The Vësiairan - meaning "four rowers" - was the principle warship of the Imperial Navy for much of its history prior to the introduction of steam power. Each vessel was roughly 60 meters long, displacing about 100 tonnes, and was equipped with two decks of oars. Each oar would have been rowed by two sailors. The average beam of the vessel - i.e. its width - was approximately 6 meters (but varied because the vessel sloped) and it sat out of the water about 3 meters. For cruising and for additional speed as well as for maneuverability, the Vësiairan boasted two triangular Lateen sails. Unlike the warships used by many rival nations, the Imperial vessels had full decks: those of their enemies often had "outriggers" for a third set of oars atop the hull of the ships, which took up a good deal of space. The Imperial design, with its outward-sloping "tumblehome" hull, could have two rowers per oar, eliminating the need for a third file of rowers and freeing up additional deck space.

Each Vësiairan carried a compliment of either 72 or 144 Marines - the Scordesiran - equipped with repeating crossbows, shields and swords. It would have also had two bolt-throwers (ballistæ), one toward the bow and another toward the stern, as well as a protected central fighting platform built around the main mast. The bolt-throwers were often loaded with specialized eight-spoked grappling hook rounds attached to long ropes that could be used to drag an enemy ship in close for boarding and capture. Both the fore and rear of the Vësiairan's deck were raised to provide a better vantage for the crossbows as well, and a siphon projector for a special Imperial incendiary mixture (similar to Greek fire) was built into the bow, once this formula was developed. A heavy cowl or bow plate covered the front of the ship, protecting its front against missile fire and reinforcing its bow for ramming. Although each Vësiairan had a ram, it was rarely used in battle: it's primary purpose was to prevent the ship from running into underwater rocks.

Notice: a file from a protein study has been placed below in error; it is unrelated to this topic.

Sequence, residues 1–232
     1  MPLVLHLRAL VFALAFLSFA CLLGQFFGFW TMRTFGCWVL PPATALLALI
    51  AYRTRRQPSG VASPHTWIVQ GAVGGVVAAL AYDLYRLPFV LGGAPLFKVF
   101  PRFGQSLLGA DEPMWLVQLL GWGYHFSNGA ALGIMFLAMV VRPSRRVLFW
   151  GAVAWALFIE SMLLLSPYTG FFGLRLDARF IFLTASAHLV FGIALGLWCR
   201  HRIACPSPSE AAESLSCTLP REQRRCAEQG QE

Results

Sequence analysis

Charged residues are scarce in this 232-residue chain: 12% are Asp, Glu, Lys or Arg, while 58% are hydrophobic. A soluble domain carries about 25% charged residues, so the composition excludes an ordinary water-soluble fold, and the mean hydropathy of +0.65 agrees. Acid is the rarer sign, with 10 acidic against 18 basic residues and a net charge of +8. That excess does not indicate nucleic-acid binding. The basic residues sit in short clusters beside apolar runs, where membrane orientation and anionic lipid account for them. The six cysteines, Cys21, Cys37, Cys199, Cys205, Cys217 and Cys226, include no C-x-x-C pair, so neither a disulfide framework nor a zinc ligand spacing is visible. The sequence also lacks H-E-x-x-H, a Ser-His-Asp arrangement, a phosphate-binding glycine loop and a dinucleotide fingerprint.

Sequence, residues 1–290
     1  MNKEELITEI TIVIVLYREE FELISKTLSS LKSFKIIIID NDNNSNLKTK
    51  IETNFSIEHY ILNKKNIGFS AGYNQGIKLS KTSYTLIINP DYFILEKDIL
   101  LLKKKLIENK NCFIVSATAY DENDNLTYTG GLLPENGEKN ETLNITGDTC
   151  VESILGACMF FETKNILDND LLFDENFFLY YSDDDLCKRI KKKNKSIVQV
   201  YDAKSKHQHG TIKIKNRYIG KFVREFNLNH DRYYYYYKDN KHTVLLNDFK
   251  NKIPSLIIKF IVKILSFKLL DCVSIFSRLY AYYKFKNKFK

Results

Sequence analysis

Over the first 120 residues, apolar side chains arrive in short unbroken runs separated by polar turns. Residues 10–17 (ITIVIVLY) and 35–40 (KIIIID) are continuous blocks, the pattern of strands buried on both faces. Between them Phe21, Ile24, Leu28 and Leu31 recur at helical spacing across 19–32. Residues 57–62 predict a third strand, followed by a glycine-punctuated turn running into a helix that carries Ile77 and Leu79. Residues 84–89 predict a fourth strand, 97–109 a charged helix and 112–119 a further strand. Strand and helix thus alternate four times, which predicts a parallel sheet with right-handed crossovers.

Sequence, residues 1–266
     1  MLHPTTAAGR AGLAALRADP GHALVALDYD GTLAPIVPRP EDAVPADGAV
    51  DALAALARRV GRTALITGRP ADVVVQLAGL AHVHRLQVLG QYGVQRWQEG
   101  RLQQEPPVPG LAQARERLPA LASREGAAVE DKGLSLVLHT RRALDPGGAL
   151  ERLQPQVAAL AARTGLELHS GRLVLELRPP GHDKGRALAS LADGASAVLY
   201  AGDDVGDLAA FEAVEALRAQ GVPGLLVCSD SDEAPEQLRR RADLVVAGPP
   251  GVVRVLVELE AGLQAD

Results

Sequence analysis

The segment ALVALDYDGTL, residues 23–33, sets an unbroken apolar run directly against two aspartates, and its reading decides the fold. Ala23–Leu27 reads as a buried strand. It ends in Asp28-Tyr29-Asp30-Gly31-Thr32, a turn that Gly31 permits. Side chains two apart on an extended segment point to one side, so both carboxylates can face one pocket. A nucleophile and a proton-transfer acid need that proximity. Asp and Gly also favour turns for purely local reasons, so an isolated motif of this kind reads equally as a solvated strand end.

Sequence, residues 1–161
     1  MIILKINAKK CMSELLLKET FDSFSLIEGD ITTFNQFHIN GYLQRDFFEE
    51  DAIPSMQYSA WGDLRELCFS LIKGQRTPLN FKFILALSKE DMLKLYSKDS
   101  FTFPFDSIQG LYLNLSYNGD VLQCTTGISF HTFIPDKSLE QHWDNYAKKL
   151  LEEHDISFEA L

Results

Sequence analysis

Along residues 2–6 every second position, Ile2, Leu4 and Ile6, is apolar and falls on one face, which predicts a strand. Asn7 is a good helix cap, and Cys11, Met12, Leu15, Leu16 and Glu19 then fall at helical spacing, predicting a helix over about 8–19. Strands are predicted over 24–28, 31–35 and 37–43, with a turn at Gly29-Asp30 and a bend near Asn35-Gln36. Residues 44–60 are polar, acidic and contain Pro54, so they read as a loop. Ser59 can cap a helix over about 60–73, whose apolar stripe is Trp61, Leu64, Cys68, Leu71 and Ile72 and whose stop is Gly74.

Vësiairan were not only used for military purposes. They were transports and cargo ships as well, and the design was such that different forms of the vessel could be easily built to fufill different functions. When the Imperial State first put to war following Markus's death, they possessed a fleet of 300 of these vessels. Within a few generations, however, as the Imperial fleet grew in size, the Vësiairan would be supplemented with increasingly larger, although similarly-designed, ships. However, they would not be rendered completely obscelete until the development of gunpowder weaponry, for which their narrow, oar-dependent design was ill-suited. The influences of the basic shape - the narrow beam, the ramming prow, the raised foredeck - can be seen in Imperial warship designs to this day.